11. Les

    Les Well-Known Member Premium Member

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    To follow up on students and wiring... And I'm not saying it should never be done but... Sometimes I am surprised by the mistakes even experienced people make. Shortly after high school I was working with a friend who knew all kinds of things about electronics and wiring. We had done electrical projects many times before which made me wonder...
    You see, we were doing a production of A Chorus Line at a community theatre. We borrowed 20 ellipsoidals from our old high school so we could get a downlight special for every dancer on the chorus line, and the community theatre had no surplus. The problem was, the high school was a newer 3-pin install and the community theatre was a 1995 twist lock system. So we begin swapping connectors on the lights. (No adapters or budget for renting them). We made a deal that we would each do ten and would set them in the corner as we completed them. As we were both on about our 9th instrument he looked at me and said, "Which way have you been hooking up the ground?" I said that obviously I had been connecting the green ground wire to the green painted terminal in the connector. He answered back with "Oh, I've been putting the green wire in the silver terminal and the white wire in the green terminal."
    Well the big problem was out of that pile of 18 or so instruments, I had no way of knowing which ones each of us had done, so I had to go through each one separately and correct the incorrect ones. It sucked, and it was pretty frustrating because we didn't exactly have much time. Plus, I had some pretty good friction blisters going on by now, but I am glad I found out before they went up to the grid where I hot focused them. (Background: This theatre had a large semicircle thrust with a non-movable lighting grid directly above the chorus line). But what if I had never found out?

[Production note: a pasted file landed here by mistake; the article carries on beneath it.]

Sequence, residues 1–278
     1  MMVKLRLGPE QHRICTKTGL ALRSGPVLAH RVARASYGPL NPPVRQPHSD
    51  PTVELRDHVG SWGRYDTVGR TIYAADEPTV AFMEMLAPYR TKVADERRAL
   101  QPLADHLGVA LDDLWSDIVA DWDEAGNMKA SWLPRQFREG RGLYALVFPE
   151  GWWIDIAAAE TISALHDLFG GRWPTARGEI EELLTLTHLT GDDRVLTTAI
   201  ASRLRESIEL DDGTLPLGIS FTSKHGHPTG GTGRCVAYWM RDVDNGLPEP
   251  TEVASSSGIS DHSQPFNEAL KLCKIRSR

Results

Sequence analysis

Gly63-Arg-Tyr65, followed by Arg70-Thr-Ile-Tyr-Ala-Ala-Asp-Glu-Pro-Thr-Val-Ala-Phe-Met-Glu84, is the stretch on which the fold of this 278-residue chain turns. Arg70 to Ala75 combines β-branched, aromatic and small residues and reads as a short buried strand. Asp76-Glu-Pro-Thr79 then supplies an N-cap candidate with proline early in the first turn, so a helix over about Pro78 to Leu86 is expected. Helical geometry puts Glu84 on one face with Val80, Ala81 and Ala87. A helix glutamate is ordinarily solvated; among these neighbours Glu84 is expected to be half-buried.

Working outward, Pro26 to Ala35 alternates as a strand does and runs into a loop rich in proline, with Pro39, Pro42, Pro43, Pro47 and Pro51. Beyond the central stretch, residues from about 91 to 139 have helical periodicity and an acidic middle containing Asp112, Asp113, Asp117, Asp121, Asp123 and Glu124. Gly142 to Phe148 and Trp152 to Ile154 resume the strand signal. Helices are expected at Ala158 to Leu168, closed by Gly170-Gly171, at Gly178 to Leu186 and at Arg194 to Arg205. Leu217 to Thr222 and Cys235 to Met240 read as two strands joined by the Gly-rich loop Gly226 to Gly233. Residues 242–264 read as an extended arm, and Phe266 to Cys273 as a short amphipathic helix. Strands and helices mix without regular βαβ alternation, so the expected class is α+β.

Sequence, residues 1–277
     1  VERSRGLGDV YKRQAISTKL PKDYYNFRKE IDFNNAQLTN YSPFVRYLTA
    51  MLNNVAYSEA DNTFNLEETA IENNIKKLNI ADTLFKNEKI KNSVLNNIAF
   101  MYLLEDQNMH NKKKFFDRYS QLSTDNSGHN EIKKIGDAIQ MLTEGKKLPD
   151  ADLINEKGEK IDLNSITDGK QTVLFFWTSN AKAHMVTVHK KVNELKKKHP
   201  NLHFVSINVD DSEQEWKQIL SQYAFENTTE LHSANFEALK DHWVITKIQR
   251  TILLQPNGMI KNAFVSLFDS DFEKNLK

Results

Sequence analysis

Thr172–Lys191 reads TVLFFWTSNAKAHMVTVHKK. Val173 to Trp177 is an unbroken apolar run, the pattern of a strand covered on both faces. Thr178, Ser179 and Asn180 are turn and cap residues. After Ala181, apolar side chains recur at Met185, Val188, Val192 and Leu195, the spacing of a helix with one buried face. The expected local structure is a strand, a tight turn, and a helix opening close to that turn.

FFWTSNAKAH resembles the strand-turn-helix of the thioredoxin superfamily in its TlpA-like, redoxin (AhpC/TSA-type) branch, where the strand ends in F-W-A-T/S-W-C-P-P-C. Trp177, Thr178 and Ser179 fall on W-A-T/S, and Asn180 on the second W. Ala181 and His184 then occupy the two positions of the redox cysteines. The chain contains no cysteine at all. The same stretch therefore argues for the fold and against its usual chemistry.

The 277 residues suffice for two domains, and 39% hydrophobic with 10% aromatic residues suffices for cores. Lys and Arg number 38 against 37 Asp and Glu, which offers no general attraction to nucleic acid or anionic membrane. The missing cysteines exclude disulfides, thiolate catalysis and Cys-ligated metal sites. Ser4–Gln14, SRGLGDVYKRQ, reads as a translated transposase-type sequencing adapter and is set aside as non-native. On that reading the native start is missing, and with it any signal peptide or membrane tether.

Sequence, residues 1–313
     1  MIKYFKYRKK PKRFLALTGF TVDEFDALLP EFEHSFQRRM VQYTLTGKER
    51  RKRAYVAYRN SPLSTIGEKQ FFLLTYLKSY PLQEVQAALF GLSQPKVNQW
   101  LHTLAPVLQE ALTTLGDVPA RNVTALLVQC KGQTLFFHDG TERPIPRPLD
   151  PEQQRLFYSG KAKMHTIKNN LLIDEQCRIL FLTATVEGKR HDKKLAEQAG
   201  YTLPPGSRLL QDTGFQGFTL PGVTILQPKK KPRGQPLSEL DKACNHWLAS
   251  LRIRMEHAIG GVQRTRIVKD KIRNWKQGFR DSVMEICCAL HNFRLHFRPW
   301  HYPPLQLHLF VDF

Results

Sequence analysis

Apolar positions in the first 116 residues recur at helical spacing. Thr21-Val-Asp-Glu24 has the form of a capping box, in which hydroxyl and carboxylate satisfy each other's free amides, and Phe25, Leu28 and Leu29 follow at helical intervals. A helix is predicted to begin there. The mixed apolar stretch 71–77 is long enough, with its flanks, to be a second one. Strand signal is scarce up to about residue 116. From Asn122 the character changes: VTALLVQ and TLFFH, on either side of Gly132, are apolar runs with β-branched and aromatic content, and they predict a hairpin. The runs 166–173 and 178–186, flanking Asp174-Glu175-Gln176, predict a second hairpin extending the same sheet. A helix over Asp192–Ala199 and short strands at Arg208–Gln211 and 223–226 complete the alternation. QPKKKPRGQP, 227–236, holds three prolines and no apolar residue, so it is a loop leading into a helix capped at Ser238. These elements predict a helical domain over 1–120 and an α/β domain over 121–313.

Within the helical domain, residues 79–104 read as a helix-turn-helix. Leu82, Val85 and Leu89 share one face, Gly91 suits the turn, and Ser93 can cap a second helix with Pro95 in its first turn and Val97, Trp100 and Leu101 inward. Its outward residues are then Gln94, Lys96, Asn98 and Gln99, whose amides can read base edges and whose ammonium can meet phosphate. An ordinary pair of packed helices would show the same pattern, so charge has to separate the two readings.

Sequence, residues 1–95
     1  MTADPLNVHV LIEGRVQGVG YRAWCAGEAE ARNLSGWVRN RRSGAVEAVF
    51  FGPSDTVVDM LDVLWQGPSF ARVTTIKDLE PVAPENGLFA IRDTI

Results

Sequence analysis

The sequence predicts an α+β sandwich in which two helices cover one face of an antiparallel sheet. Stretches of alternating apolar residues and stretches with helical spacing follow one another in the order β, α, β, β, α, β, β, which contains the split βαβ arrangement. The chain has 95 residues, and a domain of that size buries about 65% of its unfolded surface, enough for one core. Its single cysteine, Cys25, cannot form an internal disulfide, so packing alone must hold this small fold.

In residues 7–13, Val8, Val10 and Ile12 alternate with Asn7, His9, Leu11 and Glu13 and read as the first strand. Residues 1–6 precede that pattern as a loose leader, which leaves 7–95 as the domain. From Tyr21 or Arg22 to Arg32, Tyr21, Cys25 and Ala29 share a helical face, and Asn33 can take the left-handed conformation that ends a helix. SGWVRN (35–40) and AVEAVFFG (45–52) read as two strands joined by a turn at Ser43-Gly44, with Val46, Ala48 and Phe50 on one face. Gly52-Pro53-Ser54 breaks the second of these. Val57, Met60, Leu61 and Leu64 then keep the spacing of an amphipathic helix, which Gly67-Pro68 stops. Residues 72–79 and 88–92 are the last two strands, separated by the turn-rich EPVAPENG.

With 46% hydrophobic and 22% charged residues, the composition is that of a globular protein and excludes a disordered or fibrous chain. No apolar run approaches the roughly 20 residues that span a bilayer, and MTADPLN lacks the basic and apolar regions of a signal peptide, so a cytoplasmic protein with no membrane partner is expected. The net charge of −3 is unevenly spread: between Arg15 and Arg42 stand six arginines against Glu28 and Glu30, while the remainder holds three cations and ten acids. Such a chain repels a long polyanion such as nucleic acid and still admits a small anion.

Maybe I should have known, after all, he was the same guy who once three-fer'd a Strand Iris cyc light and tried to plug it in to a backstage wall outlet using a 3-pin to edison adaptor. The result of that was a good-sized burst of sparks as soon as the plug was put in the receptacle. The lights didn't come on and it destroyed the adapter. Interestingly enough, it didn't trip the breaker.

    I guess the point of these stories is; even people like this guy, with years of electronics classes and technical theatre experience, sometimes don't think.
     
  12. derekleffew

    derekleffew Resident Curmudgeon Senior Team Premium Member

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    How many times must I say "Male End First!"?
     
  13. Les

    Les Well-Known Member Premium Member